NEW Norfolk has been named as the location for one of the State Government’s first five community clinics for the delivery of the AstraZeneca COVID-19 vaccination. Health minister Sarah Courtney said the state’s vaccine program was on track and ready to move to phase 1B.
“The success of the rollout so far has been a credit to our health staff who are doing a fantastic job, and I thank them for all they are doing for our State during one of the largest health logistical exercises in our country’s history,” Ms Courtney said.
Ms Courtney said the Federal Government had announced that some 40 Tasmanian GP clinics had registered to start delivering the vaccine across the state, with more information about those clinics, and how they will be taking bookings, was expected to be released this week.
“I’m also pleased to announce that the Tasmanian Government will stand up its own AstraZeneca vaccination clinics, starting Friday, March 19, at the Mersey Hospital in Latrobe, where health staff will be first in line to receive the vaccine,” Mr Courtney said.
“This will be followed on March 22 with the start of the government’s Community AstraZeneca Clinics in Launceston, New Norfolk, Kingston and Brighton. Details of the location of these state clinics are being finalised and … we expect to start taking bookings for these Community Clinics, for those Tasmanians in the 1B category, from Thursday, March 18,” she said.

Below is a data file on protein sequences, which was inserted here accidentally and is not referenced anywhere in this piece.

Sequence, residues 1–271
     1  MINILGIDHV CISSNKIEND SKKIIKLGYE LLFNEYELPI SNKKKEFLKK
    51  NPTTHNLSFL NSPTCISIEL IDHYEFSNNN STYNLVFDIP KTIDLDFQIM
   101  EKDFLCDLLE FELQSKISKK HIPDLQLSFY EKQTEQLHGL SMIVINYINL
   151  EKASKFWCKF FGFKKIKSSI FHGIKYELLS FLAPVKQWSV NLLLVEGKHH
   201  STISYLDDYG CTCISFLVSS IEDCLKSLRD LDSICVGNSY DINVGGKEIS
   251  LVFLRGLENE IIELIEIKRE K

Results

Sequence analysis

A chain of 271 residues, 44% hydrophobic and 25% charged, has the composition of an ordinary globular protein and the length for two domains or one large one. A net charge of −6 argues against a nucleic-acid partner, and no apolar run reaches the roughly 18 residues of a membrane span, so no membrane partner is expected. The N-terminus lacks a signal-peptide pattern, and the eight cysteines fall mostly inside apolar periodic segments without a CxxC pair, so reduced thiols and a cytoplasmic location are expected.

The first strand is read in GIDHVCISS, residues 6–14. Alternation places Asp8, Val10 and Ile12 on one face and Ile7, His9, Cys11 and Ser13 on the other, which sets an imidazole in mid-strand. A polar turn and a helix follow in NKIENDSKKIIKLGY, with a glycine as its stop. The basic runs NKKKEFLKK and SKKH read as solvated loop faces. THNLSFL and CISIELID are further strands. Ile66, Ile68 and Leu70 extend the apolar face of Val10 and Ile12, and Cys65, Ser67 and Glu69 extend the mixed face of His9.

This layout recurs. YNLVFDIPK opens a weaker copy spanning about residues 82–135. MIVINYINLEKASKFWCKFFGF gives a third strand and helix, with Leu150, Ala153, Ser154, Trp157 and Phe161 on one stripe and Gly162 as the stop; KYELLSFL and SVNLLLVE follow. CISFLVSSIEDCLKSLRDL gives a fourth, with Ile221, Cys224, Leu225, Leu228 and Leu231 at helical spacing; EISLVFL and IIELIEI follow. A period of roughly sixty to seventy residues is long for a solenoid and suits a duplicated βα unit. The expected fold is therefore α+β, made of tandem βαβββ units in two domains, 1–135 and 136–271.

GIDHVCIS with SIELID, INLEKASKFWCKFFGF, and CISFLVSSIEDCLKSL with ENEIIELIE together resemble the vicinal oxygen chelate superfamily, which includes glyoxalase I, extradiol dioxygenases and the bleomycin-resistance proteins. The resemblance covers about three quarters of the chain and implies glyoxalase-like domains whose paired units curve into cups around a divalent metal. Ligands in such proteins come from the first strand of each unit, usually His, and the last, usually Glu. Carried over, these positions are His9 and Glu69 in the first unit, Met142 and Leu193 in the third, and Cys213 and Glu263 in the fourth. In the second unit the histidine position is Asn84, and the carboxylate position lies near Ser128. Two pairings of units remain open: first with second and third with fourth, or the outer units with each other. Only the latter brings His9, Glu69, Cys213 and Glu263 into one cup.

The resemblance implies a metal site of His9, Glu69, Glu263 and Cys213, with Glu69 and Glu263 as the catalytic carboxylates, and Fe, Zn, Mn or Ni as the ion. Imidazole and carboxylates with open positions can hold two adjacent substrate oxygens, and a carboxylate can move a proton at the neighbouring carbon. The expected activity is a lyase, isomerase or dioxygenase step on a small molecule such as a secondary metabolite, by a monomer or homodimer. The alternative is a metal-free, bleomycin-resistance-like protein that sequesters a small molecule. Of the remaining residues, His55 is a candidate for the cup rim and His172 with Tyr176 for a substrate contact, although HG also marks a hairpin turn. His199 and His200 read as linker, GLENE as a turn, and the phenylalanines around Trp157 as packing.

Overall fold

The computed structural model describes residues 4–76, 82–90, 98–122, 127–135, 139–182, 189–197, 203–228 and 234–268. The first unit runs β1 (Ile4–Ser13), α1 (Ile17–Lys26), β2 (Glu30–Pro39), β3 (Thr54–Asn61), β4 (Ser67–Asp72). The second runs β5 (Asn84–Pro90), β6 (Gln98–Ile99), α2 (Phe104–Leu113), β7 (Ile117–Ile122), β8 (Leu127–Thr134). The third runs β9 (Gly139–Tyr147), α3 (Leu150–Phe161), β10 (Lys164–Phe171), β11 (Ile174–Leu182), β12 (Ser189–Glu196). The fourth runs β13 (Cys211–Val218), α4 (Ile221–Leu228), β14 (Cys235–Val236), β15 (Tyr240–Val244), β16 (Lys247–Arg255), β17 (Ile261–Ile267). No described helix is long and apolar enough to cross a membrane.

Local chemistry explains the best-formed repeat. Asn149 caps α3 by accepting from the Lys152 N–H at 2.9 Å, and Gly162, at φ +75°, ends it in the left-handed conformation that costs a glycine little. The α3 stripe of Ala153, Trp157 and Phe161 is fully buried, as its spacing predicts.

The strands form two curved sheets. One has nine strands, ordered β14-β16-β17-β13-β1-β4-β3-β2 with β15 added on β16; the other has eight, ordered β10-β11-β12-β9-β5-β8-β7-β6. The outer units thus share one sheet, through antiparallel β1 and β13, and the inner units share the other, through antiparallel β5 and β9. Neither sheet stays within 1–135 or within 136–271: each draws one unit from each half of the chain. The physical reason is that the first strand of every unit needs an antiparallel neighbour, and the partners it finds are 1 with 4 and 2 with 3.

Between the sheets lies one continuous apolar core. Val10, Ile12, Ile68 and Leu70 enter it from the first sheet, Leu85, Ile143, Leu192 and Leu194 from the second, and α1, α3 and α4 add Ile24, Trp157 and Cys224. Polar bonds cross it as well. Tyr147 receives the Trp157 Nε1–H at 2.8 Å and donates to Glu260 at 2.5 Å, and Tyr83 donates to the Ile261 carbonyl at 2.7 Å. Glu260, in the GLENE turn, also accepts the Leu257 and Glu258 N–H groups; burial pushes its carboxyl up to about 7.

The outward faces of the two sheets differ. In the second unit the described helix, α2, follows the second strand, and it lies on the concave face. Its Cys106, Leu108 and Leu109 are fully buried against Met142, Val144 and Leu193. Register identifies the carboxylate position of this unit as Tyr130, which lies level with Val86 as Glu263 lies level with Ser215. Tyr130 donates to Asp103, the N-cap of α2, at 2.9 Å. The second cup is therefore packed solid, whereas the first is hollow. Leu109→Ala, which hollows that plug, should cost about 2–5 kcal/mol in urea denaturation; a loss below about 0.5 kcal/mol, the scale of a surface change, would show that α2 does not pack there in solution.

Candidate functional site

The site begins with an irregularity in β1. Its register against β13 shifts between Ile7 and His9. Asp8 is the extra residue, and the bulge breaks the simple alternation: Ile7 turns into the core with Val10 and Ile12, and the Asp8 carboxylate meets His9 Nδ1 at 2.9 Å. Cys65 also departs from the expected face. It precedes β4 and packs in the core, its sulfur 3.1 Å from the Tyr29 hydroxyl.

“Our advice to Tasmanians continues to be, there is no need to do anything right now – public announcements will be made about how you will be able to book your appointment. And as we move through the rollout of the vaccination program, we will stand up additional community and government-run mobile clinics where they are needed to ensure we cover any gaps.
“The vaccine is safe, effective and free, but as we have said, it will not be a silver bullet, and I encourage Tasmanians to continue doing the right thing and keep up our COVID-safe behaviours,” Ms Courtney said.
Phase 1B of the COVID-19 vaccination program will include about 1800 Tasmanians. These are people aged 70 and over, health care workers, Aboriginal and Torres Strait Islander adults aged 55 and over, adults with underlying medical conditions and critical and high-risk workers.